5 Tips for Prayer in Your Group

| By admin

Praying out loud in a group is very scary for many, no matter their background. But hearing someone pray for your deep concern is not only encouraging, it helps you leave it with the One who is able to help.

My neighbor, an atheist, was often the one in our Q Place group to remind us to pray. Once when we asked if we could pray for a concern she had, she said, “Well, why not? We’re batting 1,000 so far!”

How do I know my group is ready for prayer?

Try asking! After your group gets off the ground, people will begin sharing more about their lives. Difficult circumstances they face will surface. This is a natural time to ask, “Would you mind if we pray about that?”

I was amazed that our neighborhood Q Place group wanted to share prayer requests right from the beginning. Not everyone was comfortable praying out loud in the group, but even if they weren’t, several offered to pray for each other daily.

How can we start?

Try one or more of these icebreakers when introducing prayer to your group:

  • What was prayer like for you as a child?
  • Few of us are comfortable praying aloud. What, if anything, has helped you overcome the discomfort of praying aloud?
  • What would help you feel more comfortable about praying together in our group? (When I asked that question in my neighborhood Q Place group, they came up with many of the 5 tips below by themselves!)

5 Tips to Share with Your Group

Let’s keep our prayers . . . 

  1. Short. If we each pray in one or two sentences, then there will be time for all to pray.
  2. Simple. We don’t need complicated phrases or a special prayer vocabulary or voice. (Be sure to model simple, short prayers yourself!)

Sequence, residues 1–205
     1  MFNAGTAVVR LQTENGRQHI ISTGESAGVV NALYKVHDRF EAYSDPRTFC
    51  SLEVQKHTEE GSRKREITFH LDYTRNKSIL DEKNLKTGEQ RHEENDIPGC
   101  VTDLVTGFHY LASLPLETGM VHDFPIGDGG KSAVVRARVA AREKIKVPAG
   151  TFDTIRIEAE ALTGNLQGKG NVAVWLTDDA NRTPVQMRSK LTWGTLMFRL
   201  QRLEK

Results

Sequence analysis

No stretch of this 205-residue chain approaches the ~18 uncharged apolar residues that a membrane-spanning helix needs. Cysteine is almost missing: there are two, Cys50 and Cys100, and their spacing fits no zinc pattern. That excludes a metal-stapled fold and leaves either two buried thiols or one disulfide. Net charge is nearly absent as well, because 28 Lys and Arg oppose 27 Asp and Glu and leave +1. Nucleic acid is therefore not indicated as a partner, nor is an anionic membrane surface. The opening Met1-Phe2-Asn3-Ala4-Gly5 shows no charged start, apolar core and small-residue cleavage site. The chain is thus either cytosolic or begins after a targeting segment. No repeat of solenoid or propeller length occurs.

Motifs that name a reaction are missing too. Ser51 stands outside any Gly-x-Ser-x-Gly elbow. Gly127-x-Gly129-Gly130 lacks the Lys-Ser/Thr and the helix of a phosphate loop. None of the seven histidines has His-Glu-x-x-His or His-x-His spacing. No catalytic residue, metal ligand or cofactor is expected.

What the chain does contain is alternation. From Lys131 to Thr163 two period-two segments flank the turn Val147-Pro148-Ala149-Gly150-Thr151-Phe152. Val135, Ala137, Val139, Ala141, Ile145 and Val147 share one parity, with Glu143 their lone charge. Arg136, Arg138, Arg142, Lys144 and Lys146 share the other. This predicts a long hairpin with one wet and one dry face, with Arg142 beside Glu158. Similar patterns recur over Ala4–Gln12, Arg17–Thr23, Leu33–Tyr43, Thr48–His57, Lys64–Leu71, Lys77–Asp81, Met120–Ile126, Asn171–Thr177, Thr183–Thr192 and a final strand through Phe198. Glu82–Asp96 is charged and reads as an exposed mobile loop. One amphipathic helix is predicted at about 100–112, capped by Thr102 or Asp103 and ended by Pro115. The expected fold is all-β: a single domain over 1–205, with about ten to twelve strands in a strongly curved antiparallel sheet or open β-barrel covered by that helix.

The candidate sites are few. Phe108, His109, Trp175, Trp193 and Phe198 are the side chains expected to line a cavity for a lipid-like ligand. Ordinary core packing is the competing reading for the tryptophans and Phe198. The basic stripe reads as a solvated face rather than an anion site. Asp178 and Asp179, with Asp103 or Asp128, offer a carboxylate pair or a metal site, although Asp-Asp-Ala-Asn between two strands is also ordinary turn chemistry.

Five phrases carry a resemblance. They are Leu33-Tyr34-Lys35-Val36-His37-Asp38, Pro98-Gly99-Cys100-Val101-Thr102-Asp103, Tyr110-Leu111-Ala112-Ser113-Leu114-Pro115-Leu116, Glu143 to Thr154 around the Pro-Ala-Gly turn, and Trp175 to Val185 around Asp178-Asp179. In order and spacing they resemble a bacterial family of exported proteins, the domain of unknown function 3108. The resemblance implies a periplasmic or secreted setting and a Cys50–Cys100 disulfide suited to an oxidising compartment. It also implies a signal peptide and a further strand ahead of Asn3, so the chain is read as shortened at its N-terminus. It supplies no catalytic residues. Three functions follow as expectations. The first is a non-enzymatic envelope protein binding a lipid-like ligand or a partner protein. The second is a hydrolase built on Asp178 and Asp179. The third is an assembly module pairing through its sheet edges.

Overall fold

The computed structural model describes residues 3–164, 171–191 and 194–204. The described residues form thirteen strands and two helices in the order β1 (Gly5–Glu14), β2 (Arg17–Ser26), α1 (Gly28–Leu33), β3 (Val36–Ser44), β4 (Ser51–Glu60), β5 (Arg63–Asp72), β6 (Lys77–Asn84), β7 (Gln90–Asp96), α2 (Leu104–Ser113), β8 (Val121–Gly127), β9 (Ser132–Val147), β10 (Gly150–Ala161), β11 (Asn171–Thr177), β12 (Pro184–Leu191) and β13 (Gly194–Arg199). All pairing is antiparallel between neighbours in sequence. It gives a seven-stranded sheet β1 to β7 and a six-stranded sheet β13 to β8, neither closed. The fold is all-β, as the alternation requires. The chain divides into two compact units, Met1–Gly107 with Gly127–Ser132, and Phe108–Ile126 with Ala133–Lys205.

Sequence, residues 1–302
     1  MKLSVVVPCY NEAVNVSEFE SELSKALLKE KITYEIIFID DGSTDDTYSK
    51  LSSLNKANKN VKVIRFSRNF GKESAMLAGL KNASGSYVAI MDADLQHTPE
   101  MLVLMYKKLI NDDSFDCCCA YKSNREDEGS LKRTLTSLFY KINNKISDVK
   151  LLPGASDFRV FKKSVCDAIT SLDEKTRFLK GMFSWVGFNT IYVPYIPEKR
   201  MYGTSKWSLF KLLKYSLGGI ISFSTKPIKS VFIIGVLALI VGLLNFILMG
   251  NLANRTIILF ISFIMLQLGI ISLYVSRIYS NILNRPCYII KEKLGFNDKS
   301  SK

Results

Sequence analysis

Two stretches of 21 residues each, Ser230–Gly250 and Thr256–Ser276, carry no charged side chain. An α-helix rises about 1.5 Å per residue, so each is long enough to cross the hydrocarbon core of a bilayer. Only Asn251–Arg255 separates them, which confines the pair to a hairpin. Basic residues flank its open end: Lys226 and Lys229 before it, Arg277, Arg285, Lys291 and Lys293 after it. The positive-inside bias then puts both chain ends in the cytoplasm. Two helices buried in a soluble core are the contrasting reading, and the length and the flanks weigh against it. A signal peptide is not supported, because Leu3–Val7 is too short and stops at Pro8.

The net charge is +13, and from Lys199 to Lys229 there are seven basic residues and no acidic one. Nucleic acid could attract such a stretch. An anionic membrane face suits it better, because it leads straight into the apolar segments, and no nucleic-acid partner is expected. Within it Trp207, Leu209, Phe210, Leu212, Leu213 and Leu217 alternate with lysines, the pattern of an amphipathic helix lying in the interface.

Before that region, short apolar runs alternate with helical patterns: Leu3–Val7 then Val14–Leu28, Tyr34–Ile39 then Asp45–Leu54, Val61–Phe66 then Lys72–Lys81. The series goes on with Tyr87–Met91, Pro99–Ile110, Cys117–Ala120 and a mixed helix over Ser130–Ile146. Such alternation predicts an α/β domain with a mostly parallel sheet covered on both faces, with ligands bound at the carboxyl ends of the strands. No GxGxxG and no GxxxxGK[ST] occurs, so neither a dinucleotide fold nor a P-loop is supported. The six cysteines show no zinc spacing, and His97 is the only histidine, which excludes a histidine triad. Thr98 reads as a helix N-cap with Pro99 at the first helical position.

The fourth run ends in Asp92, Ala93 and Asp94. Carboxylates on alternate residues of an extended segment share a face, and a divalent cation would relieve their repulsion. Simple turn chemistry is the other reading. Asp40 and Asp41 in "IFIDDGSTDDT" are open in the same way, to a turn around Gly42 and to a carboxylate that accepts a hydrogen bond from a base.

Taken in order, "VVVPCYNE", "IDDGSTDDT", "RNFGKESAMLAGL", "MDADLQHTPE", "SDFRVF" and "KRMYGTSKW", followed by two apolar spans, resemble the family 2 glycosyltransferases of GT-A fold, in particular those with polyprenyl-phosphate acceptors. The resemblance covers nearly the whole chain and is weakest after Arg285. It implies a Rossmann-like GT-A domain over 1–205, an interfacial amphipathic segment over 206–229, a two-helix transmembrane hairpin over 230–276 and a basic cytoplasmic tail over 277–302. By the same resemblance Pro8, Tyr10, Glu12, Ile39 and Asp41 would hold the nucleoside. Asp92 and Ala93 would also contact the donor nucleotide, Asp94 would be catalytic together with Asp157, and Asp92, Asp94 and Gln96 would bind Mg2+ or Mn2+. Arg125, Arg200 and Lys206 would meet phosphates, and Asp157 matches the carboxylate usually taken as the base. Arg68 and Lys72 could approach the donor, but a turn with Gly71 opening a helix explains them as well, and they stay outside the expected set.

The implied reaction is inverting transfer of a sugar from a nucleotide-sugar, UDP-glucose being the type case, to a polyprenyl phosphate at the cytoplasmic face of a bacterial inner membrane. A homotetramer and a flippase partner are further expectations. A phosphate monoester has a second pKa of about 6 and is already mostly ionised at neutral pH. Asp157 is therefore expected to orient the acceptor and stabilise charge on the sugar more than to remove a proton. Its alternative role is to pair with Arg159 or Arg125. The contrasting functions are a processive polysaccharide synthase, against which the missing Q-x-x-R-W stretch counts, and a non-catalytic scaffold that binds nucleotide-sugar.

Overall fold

3. Specific. Let’s pray specifically so we can tell when a prayer is answered. (Write requests down and remember to ask for updates.)
  4. Suitable. How can we pray for each other? (Those inside the group are the ones everyone knows and wants to support. If someone asks for prayer for people outside the group, follow their request with “How can we pray for you in this situation?)
  5. Safe. What is prayed for in our group, stays in our group! (Insist on confidentiality to encourage sharing.)

Why pray together?

Group prayer can be a faith encouraging, growth producing, and bonding experience! Asking God for specific things together and seeing him answer is powerful and exciting—and sparks trust in him. When I hear someone else praying for my specific need, my faith also increases.

The power of prayer has been evident to all in my Q Place group—including our two atheists! The sister of one of them asked to borrow some money. She said no to the loan, “but I’ll ask my Bible group to pray for you, because things happen when these ladies pray!”

Our other atheist friend once exclaimed, “We could write a book about all the prayers God has answered in our group!”

When people work, people work; when people pray, God works.

Fran Goodrich
Q Place Blog Editor

For a printable page of ideas and helps, click here.


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